The Seal Wife
I rested against her in the body of the shipwreck, cushioned by pulpy weed. Brine and oxygen filtered through my body. Breath. She taught me to breathe.
She birthed. Fifteen children over fifteen seasons. The double blade that hung between her legs swelled open like split fruit and presented the strangest, most beautiful children anyone has ever seen. After fifteen children we stopped. The women, the ones who fished that day for cockles, those women stopped coming down to the inlet. They stopped shaking their rattles in the water to call us. When they stopped coming it was as if the birds had ceased their migration. There was no one to give the babies to anymore.
Time moved around us, through us. Sometimes the seasons fell like single breaths. The hunting fires stopped, their single, quiet spires stitched forever into the grey sky. Instead there were periodic infernos that balled up the rolling gases of the gum trees and exploded across the mountains.
Mobs of kangaroos still crept down to the water, disgorging gangling joeys. Droning avian shapes sputtered across the sky. I roam the reaches of the inlet and the surrounding mountains, rising from the water amphibious.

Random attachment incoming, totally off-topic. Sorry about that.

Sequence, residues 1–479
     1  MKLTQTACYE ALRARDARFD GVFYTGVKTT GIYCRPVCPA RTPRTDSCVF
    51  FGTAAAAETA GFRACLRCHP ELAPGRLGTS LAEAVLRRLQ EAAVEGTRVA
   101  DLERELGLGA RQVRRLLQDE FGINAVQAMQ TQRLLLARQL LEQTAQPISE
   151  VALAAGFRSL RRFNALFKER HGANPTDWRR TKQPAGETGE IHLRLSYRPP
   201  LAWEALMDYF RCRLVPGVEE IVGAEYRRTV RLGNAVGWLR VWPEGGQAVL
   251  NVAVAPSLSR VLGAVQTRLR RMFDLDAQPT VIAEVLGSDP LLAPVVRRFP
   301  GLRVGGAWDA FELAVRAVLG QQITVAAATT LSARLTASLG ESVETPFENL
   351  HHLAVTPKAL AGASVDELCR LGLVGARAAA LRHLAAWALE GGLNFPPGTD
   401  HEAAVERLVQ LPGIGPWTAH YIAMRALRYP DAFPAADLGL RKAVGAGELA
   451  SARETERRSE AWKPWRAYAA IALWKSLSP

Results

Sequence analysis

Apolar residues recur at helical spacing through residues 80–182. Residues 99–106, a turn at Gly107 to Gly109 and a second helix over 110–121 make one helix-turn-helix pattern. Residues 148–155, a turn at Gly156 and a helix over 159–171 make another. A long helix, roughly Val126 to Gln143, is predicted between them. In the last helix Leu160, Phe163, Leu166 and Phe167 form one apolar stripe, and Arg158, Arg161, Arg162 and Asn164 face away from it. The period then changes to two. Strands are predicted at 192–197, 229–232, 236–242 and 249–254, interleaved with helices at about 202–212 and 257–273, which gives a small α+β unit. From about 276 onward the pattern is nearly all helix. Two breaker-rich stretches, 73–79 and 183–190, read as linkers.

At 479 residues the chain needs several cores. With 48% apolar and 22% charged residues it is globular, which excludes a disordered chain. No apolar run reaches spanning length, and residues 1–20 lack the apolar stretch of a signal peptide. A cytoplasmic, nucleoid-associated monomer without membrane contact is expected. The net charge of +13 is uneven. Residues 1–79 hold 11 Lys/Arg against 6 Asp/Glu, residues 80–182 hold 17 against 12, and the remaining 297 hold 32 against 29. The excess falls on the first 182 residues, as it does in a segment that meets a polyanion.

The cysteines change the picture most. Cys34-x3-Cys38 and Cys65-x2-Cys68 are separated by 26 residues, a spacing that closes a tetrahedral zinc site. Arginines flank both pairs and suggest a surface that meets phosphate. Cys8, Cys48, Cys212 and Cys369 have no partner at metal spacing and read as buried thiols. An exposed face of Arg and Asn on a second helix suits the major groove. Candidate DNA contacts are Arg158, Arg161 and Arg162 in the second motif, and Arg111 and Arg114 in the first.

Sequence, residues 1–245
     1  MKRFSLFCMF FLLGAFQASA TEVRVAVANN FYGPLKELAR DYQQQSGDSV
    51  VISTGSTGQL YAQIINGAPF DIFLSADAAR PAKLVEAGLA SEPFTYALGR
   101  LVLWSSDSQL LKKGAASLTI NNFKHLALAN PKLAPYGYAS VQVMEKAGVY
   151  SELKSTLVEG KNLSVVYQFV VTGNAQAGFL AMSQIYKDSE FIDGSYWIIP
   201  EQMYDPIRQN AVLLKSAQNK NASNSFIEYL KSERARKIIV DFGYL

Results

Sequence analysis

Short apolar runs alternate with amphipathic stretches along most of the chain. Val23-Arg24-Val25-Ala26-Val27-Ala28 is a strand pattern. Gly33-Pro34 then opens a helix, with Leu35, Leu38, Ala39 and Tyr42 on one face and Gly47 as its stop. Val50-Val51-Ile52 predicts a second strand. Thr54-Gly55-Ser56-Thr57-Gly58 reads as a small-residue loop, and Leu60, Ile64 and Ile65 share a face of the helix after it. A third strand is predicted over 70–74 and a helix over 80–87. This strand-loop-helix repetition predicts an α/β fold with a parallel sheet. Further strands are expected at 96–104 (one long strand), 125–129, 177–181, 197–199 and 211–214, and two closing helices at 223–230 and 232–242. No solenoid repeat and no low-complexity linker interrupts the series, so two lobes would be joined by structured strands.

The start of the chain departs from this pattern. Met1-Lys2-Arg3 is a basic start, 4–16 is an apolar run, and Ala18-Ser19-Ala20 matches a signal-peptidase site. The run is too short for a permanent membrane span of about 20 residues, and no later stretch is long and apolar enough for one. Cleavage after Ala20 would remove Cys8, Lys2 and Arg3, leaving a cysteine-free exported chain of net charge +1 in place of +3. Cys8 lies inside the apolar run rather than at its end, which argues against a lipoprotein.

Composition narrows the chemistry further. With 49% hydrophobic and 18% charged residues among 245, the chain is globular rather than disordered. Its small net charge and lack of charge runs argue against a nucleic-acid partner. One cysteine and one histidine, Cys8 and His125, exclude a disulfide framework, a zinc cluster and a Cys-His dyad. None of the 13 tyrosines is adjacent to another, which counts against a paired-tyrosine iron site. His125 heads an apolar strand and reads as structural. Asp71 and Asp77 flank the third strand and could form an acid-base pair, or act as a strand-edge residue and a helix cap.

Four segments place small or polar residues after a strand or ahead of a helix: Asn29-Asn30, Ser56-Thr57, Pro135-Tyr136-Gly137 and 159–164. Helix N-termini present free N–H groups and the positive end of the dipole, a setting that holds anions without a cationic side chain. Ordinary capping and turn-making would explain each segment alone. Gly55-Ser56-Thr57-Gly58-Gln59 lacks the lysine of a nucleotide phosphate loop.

I watched the seal wife enchant the shell-shocked Slav, a silent man shattered by war who built another exile upon the shore. She rose out of the water when the moon was bright, water falling from the tips of her breasts, soothed his demons. She never let him touch her. When he stumbled into the water with his arms outstretched like a child, she slipped away with nary a splash.
Those creatures that make night time fire in the water cling to her body, thread through her hair and illuminate her wake. She is gentle and beautiful and yet bloodthirsty, relentless during the chase. The emotional, clever octopus is never safe when she is hungry. Her teeth are sharp and she is quick.